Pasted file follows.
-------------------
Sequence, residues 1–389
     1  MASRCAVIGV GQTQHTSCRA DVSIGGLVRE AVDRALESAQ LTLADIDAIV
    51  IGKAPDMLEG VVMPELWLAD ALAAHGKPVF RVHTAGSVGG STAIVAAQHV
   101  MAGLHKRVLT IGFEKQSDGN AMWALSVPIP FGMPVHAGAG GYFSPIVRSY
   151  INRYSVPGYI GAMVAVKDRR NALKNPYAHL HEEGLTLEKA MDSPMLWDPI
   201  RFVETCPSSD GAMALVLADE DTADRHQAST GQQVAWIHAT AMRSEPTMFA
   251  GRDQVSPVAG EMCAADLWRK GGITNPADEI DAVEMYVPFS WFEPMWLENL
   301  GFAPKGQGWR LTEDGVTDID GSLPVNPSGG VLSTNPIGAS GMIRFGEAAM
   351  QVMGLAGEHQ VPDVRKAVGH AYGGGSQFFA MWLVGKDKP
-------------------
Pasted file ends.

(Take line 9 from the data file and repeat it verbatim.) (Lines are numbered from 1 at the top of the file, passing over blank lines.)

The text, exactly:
   351  QVMGLAGEHQ VPDVRKAVGH AYGGGSQFFA MWLVGKDKP